The multiheterodyne spectrometer used in this work (schematically depicted in Fig. 1) is based on the DCS scheme,21 incorporating two multimode optical FP-QCL sources with slightly different FP mode spacings (spacing difference of ∼160 MHz was used in this experiment). Through multiheterodyne mixing of the two sources, the optical absorption and dispersion information are conveniently down-converted to the radio frequency (RF) domain for measurement. The two FP-QCLs are a part of a single chip22,23 (separated by 500 μm) and share a common Peltier element for thermal tuning. Two laser drivers (Wavelength Electronics QCL500 and QCL1000) were used to supply injection currents to both lasers separately. The laser chip is housed in a water-cooled custom laser mount with a single large diameter (1 in.) collimation lens (f/0.6). After collimation, the beams are directed through a set of two irises (not shown in the diagram) to ensure that any reflections from the succeeding optical surfaces in the system do not provide unwanted feedback that could perturb the operation of the lasers. Mitigation of the optical feedback has proven crucial for stable multiheterodyne beat notes during data acquisition.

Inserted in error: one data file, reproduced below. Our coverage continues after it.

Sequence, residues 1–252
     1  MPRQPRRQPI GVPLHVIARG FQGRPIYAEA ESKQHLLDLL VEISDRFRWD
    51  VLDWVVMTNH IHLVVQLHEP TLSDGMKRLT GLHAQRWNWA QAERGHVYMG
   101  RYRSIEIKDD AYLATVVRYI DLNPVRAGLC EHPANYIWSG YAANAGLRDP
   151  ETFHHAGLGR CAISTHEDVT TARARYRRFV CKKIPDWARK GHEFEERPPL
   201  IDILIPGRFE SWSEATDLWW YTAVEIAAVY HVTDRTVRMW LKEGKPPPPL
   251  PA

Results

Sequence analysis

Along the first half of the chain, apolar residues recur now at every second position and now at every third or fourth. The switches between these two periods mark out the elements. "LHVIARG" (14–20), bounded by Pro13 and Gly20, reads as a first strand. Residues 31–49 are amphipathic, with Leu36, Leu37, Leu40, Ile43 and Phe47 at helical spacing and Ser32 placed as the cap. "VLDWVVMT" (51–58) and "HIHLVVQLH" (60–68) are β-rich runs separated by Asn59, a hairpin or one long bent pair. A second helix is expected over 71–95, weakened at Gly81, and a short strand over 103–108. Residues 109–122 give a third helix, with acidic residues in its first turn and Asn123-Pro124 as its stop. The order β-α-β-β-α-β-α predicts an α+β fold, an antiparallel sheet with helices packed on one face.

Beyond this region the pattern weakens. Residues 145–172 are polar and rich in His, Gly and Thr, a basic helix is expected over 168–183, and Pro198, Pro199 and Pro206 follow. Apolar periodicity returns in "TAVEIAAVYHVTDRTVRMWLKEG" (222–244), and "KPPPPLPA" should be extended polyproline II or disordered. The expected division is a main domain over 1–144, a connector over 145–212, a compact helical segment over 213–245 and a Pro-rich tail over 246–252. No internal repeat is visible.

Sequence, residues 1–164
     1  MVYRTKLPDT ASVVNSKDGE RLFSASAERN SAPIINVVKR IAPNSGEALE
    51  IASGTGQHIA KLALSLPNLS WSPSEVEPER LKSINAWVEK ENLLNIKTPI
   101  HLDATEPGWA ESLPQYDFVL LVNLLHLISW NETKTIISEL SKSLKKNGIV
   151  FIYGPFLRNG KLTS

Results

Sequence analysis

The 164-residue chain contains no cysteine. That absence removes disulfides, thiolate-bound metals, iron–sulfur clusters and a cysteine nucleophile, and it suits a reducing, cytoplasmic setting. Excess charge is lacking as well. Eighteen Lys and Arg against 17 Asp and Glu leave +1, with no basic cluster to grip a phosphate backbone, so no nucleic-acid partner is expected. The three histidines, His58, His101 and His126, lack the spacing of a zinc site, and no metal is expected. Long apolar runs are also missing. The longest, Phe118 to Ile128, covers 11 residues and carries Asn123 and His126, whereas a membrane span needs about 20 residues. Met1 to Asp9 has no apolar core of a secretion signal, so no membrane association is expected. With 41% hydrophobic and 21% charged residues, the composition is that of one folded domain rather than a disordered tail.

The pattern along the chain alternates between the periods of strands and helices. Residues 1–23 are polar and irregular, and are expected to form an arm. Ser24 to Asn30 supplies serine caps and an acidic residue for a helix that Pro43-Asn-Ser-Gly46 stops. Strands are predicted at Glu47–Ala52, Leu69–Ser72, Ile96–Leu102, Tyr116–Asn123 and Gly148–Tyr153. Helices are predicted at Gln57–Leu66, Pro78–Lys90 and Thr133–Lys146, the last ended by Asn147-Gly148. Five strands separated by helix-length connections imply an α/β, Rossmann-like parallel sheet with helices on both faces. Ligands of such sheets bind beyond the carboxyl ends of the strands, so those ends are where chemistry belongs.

The beams from the two FP-QCLs are split into two arms by ZnSe plate beamsplitters. This yields four mid-IR beams (two from each laser), and two additional beam splitters are used to overlap the two beams (one from each laser) onto two fast photodetectors that are labeled as sample and reference detectors. In the sample detector channel, one laser (QCL1, referred to as a signal laser) interacts with the sample gas (12 cm absorption cell) and is then incident on the detector (see left part of Fig. 1). In the reference detector channel, the signal laser is directed to the detector without interaction with the sample. Another laser (QCL2 in Fig. 1) acts as a local oscillator for both detector channels. Since the reference detector signal is unaffected by the sample gas, it is used for optical power normalization.21